Grand Fashion and a great lady
by Alan Leavitt
The mention of the 2-year-old trotting filly Grand Fashion caught my eye for a couple of reasons. I’ve had a little to do with her pedigree, but more about that later. The main attraction was the fact that she was bred and owned by Jules Siegel’s Fashion Farm.
Fashion Farm has been a major player in harness racing for decades. It was the creation of Jules and Arlene Siegel, or perhaps I should say Arlene and Jules Siegel. I’d been close to them down through the years, and I shared Jules’ sorrow when Arlene passed away in 2010. She was a wonderful lady, always gracious, smart, and blessed with a sly, subtle sense of humor that never lost too much time getting to the point. She often took the lead in picking out yearlings or selecting broodmares, and when she did, she picked well.
Together, the Siegels won virtually every major harness race, starting with the Hambletonian, which they won in 1995 with Tagliabue. Like all of their top horses, Tagliabue was trained by Jim Campbell, one of the leading trainers in our biz, much of it done with horses owned by the Siegels.
Here, an aside. The name, Fashion Farm, came with the farm property when the Siegels bought it. It was given that name by someone long ago, whose name escapes me, but he was a client of Stanley Dancer’s. He owned horses in partnership with Lou Silverstein, and he was a manufacturer of women’s clothing: Hence the use of word “Fashion” in naming his property.
Now to the filly that started all this exercise in memory, Grand Fashion. She’s by Walner, and out of Broadway Schooner, by Broadway Hall. Broadway Schooner was a champion race filly, earning $865,933. As a producer, she hit the jackpot with her second foal, the Donato Hanover filly Broadway Donna, a great stakes winner who earned $1,434,735.
The only cross close enough to be designated by name is a 3 by 4 cross to Conway Hall, which technically is described as line bred. In case you forgot, when the sum of the generations in which the same name appears twice is six or less, that is inbreeding. When the sum of the generations is seven or eight, as it is here, that is line breeding. When no name appears twice to fit either of those two terms, such a pedigree is correctly described as an outcross.
I take some pride of authorship here, because Broadway Schooner, the dam of Grand Fashion, is sired by Broadway Hall, a horse which Meg and I bred and sold as a yearling to the Siegels.
Conway Hall is another shining example of the decisive role 2-year-old racing brilliance plays in determining the future success of a potential stallion. Conway Hall was bred by Meg and me, and raced by a top trainer, Bob Stewart. He was outstanding at 2, and was voted the Champion Two-Year-Old Trotting Colt in every poll.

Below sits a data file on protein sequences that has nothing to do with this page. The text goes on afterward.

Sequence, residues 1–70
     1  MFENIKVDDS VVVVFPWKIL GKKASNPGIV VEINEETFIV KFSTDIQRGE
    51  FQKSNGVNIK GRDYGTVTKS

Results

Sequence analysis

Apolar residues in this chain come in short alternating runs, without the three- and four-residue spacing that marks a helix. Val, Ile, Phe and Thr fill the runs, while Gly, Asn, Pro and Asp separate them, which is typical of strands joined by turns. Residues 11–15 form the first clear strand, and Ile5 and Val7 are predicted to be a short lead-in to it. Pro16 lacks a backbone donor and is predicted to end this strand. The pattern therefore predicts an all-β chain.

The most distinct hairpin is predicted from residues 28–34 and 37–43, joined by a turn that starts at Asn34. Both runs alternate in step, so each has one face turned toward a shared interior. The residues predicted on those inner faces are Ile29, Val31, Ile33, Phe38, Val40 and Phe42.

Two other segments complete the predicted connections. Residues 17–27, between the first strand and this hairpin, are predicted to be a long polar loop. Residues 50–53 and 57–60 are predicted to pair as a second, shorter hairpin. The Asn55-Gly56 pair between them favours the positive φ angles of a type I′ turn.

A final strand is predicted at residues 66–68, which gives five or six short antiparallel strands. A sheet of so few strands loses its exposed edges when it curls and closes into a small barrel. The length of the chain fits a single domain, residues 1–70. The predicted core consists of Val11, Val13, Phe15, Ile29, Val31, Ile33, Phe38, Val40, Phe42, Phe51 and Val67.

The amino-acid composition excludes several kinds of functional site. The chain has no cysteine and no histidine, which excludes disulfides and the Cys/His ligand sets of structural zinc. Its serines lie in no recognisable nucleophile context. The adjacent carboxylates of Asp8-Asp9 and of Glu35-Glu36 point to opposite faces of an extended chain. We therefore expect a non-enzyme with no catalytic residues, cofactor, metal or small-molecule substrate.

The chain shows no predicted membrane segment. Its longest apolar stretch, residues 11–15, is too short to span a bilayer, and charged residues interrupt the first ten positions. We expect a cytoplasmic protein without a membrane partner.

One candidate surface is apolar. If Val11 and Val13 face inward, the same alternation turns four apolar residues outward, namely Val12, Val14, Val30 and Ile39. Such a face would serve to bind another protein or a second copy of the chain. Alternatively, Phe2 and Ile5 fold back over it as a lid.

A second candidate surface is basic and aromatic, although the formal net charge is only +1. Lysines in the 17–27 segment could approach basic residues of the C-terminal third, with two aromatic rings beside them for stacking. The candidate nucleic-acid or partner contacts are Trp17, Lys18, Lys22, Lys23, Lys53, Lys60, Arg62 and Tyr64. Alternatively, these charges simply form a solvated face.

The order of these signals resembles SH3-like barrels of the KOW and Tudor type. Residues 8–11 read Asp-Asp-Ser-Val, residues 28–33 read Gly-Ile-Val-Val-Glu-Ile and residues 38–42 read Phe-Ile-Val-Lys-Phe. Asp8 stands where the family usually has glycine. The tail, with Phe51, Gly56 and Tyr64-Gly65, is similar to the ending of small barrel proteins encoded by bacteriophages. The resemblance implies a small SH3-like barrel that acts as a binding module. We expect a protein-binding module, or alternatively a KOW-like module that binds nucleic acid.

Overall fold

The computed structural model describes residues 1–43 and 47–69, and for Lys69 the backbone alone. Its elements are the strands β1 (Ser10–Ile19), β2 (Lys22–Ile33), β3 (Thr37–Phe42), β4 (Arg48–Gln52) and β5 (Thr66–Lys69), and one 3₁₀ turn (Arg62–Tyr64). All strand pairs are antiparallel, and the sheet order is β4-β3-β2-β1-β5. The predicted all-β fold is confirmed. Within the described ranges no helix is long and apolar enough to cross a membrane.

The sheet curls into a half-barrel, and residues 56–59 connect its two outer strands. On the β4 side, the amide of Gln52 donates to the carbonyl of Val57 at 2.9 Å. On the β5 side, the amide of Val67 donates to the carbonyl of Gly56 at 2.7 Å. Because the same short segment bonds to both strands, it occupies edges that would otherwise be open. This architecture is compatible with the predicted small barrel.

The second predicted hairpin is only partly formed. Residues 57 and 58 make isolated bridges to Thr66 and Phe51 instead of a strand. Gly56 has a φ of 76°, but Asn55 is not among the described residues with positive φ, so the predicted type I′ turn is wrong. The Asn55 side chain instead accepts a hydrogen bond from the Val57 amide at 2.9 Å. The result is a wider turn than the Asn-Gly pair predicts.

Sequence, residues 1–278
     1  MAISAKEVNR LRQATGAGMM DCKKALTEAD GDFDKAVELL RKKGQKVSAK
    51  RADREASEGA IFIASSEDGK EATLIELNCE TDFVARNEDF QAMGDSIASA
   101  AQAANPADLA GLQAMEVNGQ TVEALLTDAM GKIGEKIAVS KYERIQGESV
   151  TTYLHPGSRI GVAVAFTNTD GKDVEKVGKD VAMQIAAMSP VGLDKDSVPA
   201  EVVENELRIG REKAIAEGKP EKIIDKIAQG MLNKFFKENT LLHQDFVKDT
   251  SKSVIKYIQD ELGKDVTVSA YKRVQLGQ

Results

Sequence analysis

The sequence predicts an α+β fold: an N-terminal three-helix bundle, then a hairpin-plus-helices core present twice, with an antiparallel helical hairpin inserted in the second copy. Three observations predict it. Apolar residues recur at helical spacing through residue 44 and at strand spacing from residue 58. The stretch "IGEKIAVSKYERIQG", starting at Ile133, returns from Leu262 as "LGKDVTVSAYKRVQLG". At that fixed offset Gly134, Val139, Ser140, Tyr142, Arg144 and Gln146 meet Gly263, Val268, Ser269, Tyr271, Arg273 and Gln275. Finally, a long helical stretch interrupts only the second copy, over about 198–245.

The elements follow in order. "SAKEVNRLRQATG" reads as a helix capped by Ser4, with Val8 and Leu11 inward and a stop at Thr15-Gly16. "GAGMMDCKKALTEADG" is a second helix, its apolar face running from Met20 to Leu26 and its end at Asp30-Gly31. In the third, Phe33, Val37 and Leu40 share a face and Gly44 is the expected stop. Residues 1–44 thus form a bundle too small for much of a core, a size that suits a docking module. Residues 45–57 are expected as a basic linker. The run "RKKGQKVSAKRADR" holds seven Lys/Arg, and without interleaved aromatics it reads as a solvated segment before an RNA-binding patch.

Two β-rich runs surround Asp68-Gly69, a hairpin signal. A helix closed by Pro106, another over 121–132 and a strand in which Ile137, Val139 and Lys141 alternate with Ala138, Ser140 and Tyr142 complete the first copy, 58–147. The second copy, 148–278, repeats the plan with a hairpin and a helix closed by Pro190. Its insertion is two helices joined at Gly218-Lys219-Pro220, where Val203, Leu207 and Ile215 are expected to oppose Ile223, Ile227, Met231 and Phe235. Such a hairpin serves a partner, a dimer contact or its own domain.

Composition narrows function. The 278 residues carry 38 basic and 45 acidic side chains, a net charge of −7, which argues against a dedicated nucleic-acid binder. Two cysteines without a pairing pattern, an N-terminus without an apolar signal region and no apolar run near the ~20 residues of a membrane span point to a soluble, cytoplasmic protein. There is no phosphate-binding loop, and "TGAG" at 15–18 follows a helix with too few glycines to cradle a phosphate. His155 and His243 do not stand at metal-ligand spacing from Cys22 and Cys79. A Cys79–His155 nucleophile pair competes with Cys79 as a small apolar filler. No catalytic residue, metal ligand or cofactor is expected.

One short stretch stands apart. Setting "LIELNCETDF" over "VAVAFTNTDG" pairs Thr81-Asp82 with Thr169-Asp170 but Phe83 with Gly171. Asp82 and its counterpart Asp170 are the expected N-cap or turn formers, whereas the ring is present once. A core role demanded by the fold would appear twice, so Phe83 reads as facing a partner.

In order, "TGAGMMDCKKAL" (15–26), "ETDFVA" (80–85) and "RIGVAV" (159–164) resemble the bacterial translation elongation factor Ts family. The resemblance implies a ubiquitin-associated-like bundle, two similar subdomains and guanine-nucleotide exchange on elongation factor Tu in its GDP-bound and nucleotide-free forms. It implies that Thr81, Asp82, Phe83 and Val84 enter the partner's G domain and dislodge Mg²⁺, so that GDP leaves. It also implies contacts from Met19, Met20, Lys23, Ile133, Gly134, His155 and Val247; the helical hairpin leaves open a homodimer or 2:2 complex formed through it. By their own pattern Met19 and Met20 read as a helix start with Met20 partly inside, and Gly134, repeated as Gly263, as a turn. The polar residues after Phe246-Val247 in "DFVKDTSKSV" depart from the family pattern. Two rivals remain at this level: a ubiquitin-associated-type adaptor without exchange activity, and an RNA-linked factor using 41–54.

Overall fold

As a sire, Conway Hall’s influence is still felt. His son, Windsong’s Legacy, won the Hambletonian, and then from his first crop sired Lucky Chucky, who was second in his Hambletonian, and Chapter Seven, a top stakes colt who won $1,954,986.
Retired to the stud, Chapter Seven was the leading money winning trotting sire in North America in 2021, and his champions include the great mare and Hambletonian winner Atlanta, and the leading sire of 2-year-old money winning trotters from his first crop in 2021, Walner.
Finally, one last note about the horses in Grand Fashion’s pedigree.
It was a great loss to our sport when Windsong’s Legacy was struck down by a heart attack after siring only two crops of foals. He was owned at the time by Bill Perretti, and I have to confess I still occasionally miss the sound of Perretti’s roar, which was always worse than the bite. One of these days I’m expecting to hear Bill up close again, and, with luck, Arlene Seigel, not to mention a gazillion other people. And if that works out, I’ll try to write another piece for HRU, to let you know what you’re missing.
Back in Grand Fashion’s pedigree, in the fifth generation is a sire named Prakas, who won the Hambletonian in 1985. The horse was named after Mike Prakas, who was a big time bloodstock agent under the nom de course Headline Brokers. Prakas sold a lot of good horses in his day, and I bought quite a few of them.
It was a pleasant surprise, after all these years, to hear from Prakas recently. He now lives in South Florida, and I look forward to seeing him again and, as he said, reminiscing.
And speaking of people, one of these days I’d like to meet Joe and Jennifer Bongiorno. As it happens, I knew their mother when she was six years old.
I was good friends with Sonny and Sandy Dancer, and they had a heated swimming pool at their farm in New Jersey. I was also close with Sonny’s dad, Harold Dancer, Sr., who was a great horseman and a greater human being. One Christmas Eve he stayed up all night putting together all of the toys that were sitting, unassembled, under Sonny and Sandy’s Christmas tree.
My two kids, who are both in their 50s now, were under 10 during the summers we spent Sundays at the Dancer’s pool. And their six year old daughter was always accompanied by her German Shepherd, who always stayed glued to the little girl’s side. You can be sure no one made the mistake of rushing up to the little girl too fast.
I just think her son and daughter might like to know about that.